I just went and re-read the posts to remind myself of all of the details. Strange how some things fade from memory. Or maybe it's just chemo-brain in action?
|July 22, 2010|
|July 17, 2011-Nearly a year later|
What struck me from reading my pre-operative posts is how uncertain I was about things. Understandably so. Everything I did with the feeling that it was a "last" time for doing it. My "last" workout at the gym. My "last" trip to the beach. My "last" time cuddiling with Jean-Marc in the morning. It was a scary time. I'm a big believer in preparing for the worst, and hoping for the best. I was mentally prepared for weeks of being bedridden and in pain. I had not even considered chemo and radiation at that point. It was all about the harsh and brutal reality of having body parts removed. Ugh.
I don't do "sick" very well. And by God's grace, I didn't have to. In fact, I probably pushed it a bit too much to get back on my feet. In the early days, I needed help with the drains and such. It was also difficult to face myself in the mirror for the first time. I'll confess that sometimes, I still start at my scarred reflection.
For the most part, I can say that those things that I was afraid that I would not be able to do again, I have done. This is not a brag list-it is a praise report and testimony to the faithfulness, mercy and grace of God:
- Cuddling/holding Jean-Marc? Check! He's quite the love bug, and it's wonderful.
- Running? Check! Ran a 10k in under an hour earlier this month. Less than a year out of surgery, less than 5 months after the end of radiation treatment.
- Jillian circuits workouts? Check! I'm back to my level 3 Jillian circuit workouts. I've definitely lost some of my upper body strength, particularly on the left shoulder and pectoral area. There is nerve damage there where things were cut. I'm permanently numb on my left tricep and across my chest where the scars are. BUT-I can do push ups, just not as many. I keep at it, and am able to do a little more each time. My body will never be the same, but it is strong nonetheless.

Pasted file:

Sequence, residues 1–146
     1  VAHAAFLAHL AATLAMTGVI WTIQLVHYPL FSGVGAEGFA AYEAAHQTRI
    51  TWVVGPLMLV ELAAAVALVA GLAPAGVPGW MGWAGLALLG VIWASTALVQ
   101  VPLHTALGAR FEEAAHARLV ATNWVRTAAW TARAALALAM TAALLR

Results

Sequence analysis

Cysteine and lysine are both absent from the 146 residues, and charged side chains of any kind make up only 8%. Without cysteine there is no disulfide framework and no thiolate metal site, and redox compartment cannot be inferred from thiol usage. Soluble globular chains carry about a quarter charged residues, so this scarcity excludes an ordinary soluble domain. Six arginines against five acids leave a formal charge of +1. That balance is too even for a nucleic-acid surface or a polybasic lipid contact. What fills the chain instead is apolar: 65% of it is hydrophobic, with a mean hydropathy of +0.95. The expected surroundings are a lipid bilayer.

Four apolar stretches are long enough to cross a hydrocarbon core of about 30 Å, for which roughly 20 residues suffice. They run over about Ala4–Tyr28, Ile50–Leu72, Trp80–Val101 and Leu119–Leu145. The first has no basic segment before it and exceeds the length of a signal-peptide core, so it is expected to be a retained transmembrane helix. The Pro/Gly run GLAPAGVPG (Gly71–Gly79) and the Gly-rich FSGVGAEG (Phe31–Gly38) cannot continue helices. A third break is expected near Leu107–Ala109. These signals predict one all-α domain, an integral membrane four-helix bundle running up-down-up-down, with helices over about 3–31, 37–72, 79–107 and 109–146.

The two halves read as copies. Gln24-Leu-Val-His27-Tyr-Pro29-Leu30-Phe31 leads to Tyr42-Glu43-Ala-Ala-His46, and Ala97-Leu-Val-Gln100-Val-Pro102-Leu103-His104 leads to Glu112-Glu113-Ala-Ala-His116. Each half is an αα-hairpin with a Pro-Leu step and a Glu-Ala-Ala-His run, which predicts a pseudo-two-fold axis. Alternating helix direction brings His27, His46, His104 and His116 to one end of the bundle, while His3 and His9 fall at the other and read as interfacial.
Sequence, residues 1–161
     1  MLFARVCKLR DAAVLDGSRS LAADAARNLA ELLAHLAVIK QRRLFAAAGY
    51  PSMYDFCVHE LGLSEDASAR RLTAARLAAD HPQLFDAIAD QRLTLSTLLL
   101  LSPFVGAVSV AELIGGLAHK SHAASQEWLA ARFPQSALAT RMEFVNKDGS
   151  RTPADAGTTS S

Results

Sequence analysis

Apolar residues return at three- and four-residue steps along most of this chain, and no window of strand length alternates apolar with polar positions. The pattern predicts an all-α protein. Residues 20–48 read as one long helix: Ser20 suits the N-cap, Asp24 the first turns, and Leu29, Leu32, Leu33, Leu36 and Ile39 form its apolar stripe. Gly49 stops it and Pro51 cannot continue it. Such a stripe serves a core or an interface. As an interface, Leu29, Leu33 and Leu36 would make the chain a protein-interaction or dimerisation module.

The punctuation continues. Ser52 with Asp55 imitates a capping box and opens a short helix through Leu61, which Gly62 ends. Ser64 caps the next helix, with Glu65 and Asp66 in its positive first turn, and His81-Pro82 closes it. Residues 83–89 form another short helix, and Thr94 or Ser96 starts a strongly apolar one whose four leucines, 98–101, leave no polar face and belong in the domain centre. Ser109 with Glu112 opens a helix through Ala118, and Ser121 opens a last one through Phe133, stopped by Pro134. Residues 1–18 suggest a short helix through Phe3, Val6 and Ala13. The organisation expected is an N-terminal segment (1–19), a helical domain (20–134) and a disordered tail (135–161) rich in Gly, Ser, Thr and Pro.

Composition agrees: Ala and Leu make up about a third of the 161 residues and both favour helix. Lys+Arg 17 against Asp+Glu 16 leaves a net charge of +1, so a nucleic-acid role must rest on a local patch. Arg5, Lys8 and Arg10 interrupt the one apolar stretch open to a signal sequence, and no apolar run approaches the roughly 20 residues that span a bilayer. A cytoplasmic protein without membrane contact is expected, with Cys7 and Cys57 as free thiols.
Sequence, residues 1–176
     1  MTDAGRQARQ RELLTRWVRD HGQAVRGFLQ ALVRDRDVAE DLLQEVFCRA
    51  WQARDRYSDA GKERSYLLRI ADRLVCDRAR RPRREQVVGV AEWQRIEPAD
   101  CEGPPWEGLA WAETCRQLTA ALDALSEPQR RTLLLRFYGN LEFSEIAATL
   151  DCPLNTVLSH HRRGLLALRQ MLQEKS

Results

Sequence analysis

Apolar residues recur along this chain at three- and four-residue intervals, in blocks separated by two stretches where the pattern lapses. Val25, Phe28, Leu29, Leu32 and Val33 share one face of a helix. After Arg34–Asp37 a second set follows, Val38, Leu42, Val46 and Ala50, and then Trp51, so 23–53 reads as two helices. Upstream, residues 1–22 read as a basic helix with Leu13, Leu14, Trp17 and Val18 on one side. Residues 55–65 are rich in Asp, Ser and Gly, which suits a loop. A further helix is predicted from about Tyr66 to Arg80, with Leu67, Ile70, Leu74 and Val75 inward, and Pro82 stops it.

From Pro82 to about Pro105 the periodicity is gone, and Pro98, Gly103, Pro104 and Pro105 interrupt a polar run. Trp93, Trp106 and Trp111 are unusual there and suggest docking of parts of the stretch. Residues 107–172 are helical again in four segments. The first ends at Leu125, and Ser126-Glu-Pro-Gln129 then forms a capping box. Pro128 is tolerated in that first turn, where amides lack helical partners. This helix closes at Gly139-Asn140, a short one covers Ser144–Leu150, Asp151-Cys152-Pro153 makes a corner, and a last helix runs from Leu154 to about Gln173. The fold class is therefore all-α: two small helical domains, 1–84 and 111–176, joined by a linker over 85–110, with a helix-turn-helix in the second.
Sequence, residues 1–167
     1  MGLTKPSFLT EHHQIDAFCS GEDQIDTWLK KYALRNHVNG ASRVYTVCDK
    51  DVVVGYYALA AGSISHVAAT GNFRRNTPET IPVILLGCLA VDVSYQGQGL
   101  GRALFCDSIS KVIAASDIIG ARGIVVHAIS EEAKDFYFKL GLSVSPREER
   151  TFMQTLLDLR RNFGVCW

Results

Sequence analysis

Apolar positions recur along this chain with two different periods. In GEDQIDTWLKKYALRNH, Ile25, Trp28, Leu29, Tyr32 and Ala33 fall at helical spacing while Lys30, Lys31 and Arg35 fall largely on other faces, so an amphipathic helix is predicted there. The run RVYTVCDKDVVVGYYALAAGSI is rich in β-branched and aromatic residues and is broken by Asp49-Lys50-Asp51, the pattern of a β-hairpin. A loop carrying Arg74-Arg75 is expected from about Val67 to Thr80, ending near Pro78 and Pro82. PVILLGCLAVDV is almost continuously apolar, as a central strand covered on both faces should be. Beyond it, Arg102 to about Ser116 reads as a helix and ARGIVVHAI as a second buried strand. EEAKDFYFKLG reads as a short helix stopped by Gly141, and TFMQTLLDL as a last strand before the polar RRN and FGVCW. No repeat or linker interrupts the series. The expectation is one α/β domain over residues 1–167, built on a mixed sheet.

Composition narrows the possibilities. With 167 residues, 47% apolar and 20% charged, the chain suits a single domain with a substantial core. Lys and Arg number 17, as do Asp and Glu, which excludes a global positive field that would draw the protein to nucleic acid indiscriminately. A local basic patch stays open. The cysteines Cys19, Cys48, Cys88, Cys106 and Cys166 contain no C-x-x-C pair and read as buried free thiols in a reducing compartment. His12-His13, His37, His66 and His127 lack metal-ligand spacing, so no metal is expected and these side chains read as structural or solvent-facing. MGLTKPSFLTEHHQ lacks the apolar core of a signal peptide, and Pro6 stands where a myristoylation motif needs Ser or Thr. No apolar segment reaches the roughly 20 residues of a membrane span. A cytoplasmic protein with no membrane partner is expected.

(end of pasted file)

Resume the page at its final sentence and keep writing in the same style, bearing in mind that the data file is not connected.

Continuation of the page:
- The beach? Check! I just went yesterday with the kids, my sister in law, niece, nephews and mom. I wore a bikini with my foobies in it.
There have been some unexpected things as well. First on the list would be my lymphedema. Not all breast cancer patients get it. I'm one of the lucky ones. But I am so thankful that Kaiser was very proactive in educating me on the signs of the disease, and even had me go see a physical therapist before the fact. That way, when I did get it, I knew right away what to do and was able to learn to control it early.
My friend was right. Things do look and feel a lot better a year later. Things will never be the same, to be sure. My family and I have been on a journey that has opened our eyes and changed us all, in many ways for the better. It has made us stronger. Looking back and seeing how God has sustained me has increased my faith tremendously. I thank you all for your support and prayer over the past year. It has been a blessing.